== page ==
When you hear “failed science experiment,” you probably think of radiation disasters and science fiction stories, not bunnies. But luckily, this failed experiment turned out too cuddly and friendly—we’d call that a success! The Swiss Fox rabbit was bred in the 1920s in an attempt to find a cheaper alternative to Arctic fox fur.
Luckily for the rabbits, their fur wasn’t like fox fur at all—it was much too long, wispy, and delicate. Even more surprising, these rabbits had friendly, docile personalities that won their breeders’ hearts. The fur farming project was scrapped, and these cuddly bunnies made the jump to becoming house pets.
Angora, Havana, Silver Fox
First-time owners, older children, seniors, apartment living, indoor rabbit enclosures
Calm, friendly, intelligent
The Swiss Fox rabbit may not have a fox’s fur, but it does have a beautiful coat. Its fur is long and fine and comes in all shades of silvery gray. But its personality is even more incredible. These rabbits are cuddly teddy bears that love to sit on their owners’ laps, get along well with older children, and often have a deep love for those around them. The breed is almost unheard of in the United States, but it’s much more common in Europe, where it spread from Switzerland in the years after World War II. There’s a lot to love about this unique breed.
Swiss Fox Rabbit Breed Characteristics
How Much Do These Rabbits Cost?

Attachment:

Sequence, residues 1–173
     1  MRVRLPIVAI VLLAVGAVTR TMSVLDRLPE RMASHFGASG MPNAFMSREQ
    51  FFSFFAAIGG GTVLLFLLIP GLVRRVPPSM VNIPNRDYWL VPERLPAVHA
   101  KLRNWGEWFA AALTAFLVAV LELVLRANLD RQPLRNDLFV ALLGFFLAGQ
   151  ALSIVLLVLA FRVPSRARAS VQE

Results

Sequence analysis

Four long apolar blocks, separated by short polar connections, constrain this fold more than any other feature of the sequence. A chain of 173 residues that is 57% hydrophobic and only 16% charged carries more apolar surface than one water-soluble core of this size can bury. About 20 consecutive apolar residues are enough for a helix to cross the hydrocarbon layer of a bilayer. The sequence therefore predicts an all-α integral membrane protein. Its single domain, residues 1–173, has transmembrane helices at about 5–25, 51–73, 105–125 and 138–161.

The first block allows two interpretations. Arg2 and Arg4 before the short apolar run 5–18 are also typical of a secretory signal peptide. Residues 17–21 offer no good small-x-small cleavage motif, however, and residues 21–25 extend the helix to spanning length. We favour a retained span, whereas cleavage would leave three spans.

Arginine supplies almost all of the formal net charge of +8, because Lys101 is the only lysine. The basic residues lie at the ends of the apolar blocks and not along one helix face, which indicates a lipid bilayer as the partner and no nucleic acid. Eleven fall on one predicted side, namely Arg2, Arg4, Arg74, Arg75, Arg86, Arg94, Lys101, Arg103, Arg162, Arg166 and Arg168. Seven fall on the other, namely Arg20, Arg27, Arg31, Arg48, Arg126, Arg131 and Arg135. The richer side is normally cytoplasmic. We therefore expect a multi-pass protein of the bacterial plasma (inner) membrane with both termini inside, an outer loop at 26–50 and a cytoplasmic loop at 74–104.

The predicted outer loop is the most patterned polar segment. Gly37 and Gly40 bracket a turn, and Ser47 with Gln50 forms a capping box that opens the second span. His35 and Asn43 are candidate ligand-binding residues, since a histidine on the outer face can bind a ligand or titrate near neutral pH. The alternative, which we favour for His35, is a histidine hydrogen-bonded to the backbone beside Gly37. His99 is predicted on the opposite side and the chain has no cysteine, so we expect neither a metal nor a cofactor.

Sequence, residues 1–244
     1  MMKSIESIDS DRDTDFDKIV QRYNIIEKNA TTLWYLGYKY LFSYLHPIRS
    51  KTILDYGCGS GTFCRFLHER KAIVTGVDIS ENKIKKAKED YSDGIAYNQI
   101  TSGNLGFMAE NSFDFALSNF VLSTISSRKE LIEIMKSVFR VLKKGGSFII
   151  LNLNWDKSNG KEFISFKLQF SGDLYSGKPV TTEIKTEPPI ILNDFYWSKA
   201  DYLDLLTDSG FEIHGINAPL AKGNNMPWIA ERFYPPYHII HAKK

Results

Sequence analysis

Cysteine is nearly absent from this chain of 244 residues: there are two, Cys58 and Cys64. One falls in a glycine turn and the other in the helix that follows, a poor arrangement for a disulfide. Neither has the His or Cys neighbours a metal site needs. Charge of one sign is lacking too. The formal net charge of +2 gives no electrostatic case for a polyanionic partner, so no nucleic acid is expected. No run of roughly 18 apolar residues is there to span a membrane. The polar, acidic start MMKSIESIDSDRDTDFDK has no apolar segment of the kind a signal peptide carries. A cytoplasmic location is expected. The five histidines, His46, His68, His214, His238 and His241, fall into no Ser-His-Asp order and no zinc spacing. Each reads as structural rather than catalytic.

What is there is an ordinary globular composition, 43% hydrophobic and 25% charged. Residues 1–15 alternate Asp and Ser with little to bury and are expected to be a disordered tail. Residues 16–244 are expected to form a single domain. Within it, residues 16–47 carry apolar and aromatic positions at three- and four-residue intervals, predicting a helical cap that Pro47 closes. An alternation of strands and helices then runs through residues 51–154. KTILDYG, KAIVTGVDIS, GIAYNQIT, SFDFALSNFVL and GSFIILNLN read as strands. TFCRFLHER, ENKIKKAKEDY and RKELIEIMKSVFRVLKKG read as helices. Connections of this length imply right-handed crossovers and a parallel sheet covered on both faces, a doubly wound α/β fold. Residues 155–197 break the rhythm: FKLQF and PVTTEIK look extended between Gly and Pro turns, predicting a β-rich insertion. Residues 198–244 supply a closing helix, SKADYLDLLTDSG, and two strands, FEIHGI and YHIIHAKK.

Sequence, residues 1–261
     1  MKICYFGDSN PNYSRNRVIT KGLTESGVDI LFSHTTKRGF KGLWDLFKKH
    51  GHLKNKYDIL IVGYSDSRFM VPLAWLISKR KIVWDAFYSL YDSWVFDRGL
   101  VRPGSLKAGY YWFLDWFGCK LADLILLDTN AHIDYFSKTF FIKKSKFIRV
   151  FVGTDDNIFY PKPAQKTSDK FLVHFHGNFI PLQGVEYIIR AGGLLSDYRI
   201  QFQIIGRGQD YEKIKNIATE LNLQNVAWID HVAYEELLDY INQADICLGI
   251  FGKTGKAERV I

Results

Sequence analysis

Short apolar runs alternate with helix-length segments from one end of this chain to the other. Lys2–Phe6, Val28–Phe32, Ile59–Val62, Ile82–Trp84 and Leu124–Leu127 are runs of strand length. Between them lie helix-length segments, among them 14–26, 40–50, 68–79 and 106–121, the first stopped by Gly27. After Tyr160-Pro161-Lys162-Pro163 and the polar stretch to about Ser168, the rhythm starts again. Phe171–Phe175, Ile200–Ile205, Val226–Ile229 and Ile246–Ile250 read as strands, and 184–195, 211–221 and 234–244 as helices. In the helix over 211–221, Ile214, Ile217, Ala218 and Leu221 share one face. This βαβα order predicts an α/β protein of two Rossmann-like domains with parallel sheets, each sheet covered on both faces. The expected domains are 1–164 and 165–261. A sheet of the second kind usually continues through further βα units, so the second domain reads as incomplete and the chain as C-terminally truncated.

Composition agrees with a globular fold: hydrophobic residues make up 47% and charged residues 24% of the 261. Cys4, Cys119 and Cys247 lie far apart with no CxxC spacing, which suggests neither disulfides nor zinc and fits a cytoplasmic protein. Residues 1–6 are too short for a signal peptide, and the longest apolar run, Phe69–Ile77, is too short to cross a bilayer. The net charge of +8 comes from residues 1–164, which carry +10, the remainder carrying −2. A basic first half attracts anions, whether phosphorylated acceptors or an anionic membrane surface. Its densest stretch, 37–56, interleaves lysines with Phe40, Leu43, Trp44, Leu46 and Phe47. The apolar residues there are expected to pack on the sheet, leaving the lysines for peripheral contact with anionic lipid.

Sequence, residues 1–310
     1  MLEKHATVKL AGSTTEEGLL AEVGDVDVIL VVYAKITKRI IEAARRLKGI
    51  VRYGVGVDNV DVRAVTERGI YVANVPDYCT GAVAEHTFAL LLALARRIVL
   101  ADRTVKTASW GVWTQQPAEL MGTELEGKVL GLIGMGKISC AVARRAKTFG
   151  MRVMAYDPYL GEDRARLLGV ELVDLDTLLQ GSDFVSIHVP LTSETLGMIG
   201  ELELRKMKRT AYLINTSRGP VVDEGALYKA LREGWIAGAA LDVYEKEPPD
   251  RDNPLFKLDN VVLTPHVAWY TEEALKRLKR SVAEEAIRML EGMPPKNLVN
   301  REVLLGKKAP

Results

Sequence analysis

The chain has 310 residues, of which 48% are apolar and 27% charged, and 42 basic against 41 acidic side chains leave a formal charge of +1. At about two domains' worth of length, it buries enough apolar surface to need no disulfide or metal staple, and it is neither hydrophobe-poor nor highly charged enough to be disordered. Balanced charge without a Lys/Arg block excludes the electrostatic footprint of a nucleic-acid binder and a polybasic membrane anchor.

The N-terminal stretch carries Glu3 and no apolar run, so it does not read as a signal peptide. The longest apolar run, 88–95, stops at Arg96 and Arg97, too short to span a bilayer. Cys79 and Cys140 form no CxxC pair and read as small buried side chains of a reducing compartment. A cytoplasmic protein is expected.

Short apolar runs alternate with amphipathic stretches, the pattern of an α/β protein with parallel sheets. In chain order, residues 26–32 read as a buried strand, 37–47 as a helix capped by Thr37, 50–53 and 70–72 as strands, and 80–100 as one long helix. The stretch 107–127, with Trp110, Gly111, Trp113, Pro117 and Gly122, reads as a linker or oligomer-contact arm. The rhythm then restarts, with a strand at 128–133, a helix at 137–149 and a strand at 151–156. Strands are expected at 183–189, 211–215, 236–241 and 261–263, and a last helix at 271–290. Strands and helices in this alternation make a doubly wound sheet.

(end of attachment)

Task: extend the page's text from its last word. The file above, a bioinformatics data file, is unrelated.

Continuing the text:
Swiss Fox rabbits are very rare in the United States, which makes it hard to put a price point on them. Because they’re rare and beautiful, you’ll probably see them being sold for at least $65, while some breeders might price them as high as $80–$100, depending on the area and breeder. In general, purchasing a rabbit from the breeder will result in happier, healthier, and friendlier rabbits than purchasing from a pet store—and you’re not likely to find a pet store that carries this rare breed anyway.
Temperament & Intelligence of the Swiss Fox Rabbit
Do These Rabbits Make Good Pets? 👪
Swiss Fox rabbits make good pets for most situations. They are known for their sweet, loving disposition. They’re cuddly, placid rabbits that are more likely to sit on your lap than play with you and then tend to be comfortable with being handled and enjoy getting brushed. They’re also intelligent rabbits that can learn quickly and be trained to do tricks or use a litter box. They can adapt to a variety of home situations—they can make good pets for families or singles, and they can tolerate apartment living well.
Does This Rabbit Get Along with Other Pets?